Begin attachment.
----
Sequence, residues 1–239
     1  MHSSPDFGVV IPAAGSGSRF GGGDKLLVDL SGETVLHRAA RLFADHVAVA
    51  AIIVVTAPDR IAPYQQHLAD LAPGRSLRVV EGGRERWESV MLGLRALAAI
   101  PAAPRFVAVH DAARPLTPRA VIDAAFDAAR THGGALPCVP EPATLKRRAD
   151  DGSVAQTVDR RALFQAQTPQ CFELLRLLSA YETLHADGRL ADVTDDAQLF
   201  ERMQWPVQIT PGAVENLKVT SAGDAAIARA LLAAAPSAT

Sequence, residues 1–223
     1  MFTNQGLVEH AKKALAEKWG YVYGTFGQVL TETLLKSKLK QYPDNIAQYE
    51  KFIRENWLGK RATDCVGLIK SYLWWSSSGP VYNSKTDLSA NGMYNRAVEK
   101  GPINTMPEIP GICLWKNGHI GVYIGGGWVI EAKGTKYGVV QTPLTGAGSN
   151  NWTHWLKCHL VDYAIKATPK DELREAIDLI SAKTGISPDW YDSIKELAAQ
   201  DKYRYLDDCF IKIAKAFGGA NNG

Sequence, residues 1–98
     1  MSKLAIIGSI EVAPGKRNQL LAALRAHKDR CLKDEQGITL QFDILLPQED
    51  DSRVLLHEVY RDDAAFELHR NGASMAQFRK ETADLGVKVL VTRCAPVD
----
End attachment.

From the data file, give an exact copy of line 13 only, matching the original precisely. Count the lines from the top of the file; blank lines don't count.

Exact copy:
Sequence, residues 1–98